Royal Navy & RAF Recruitment Tests FAQ

Here we address some questions we regularly get asked about the Royal Navy and RAF recruitment tests.

Frequently asked questions about the Royal Navy and RAF recruitment tests:

What are the differences between the Royal Air Force aptitude test and the Royal Navy recruitment Test?

The RAF and the Royal Navy actually share many of the same tests, including numerical skills, verbal reasoning, electrical comprehension and mechanical comprehension. However, both have additional tests beyond this:

RAF tests include:

  • A spatial abilities test - This test is necessary for pilots flying fast and at high altitudes to recognise objects.
  • A work rate test - Members of the air crew have to be faster than everybody else because their job requires them to perform their responsibilities as quickly as possible.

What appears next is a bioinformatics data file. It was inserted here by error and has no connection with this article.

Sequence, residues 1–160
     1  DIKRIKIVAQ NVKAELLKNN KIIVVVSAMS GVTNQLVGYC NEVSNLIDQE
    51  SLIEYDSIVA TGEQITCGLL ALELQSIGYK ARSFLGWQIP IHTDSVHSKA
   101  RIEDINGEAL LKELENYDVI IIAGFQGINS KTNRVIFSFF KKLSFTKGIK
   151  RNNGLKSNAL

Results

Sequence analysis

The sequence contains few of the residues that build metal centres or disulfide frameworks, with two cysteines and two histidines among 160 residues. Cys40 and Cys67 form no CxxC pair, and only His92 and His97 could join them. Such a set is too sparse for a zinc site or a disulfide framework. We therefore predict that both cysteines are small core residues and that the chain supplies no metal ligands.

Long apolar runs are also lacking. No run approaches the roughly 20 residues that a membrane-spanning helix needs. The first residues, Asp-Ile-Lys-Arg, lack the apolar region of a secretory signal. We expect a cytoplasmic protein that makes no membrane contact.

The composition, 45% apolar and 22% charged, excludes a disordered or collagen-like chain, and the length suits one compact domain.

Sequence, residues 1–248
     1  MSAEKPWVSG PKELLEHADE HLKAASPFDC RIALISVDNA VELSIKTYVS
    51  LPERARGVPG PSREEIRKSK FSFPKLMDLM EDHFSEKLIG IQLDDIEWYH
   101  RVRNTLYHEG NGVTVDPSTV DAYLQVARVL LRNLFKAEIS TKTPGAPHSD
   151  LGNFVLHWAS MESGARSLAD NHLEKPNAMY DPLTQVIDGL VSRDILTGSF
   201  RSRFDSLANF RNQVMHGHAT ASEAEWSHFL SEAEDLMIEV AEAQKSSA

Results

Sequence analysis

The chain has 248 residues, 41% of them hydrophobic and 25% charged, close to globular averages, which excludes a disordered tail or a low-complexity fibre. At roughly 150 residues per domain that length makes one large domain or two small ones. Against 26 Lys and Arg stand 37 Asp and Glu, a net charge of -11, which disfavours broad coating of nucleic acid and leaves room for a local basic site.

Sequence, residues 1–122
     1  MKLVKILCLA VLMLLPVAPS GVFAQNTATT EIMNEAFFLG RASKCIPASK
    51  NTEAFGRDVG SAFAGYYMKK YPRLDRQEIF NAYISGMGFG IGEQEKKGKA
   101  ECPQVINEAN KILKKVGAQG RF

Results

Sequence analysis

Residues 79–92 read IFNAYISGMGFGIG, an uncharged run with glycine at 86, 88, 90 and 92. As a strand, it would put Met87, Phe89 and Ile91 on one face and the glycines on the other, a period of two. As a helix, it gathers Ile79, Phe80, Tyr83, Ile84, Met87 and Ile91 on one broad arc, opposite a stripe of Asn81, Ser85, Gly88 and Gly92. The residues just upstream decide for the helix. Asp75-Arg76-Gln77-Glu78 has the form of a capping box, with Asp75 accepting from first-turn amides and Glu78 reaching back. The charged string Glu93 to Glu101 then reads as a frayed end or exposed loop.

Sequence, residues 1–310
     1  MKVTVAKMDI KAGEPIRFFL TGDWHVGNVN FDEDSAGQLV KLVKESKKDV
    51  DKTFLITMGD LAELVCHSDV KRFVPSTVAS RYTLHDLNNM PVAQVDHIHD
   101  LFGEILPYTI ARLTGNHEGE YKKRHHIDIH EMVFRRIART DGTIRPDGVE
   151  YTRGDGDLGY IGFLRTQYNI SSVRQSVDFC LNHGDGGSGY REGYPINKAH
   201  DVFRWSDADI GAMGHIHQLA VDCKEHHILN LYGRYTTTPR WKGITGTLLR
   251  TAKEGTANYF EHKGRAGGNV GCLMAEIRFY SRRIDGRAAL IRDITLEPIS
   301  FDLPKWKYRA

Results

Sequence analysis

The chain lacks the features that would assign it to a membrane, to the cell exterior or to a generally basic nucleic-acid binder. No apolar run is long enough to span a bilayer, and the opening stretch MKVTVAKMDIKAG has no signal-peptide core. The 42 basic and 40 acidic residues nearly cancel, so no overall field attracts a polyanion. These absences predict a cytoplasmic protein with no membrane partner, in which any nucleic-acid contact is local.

• A memory test - Pilots, medics, gunners, and nearly every member of the Royal Air Force (RAF) need to remember a lot of new information.
  • Numerical tests - On an aircraft, you are working with numbers and hard calculus. In order to understand aircraft and the plethora of procedures you will be going through, you must understand mathematics. The RAF uses numerical tests to ascertain your ability to read graphs and tables, also a necessity for working with high-tech equipment and reading statistics effectively.
  • Verbal reasoning tests - The verbal reasoning tests for the RAF are designed to test your ability to spot finer details. They present large passages and follow up with tricky questions that require a keen eye for detail.

Royal Navy:

  • The Royal Navy has more verbal reasoning tests. Working on a ship or in an amphibious unit makes verbal communication vital for effective teamwork. You need to be able to understand requests, orders and verbal reports.
  • The Royal Navy uses inductive reasoning tests. These tests measure your ability to spot familiarities without being told how they are related. The Royal Navy's numerical testing is geared more towards sequences and a flow of patterns, designed to help a recruit establish routine and even spot subtle oddities.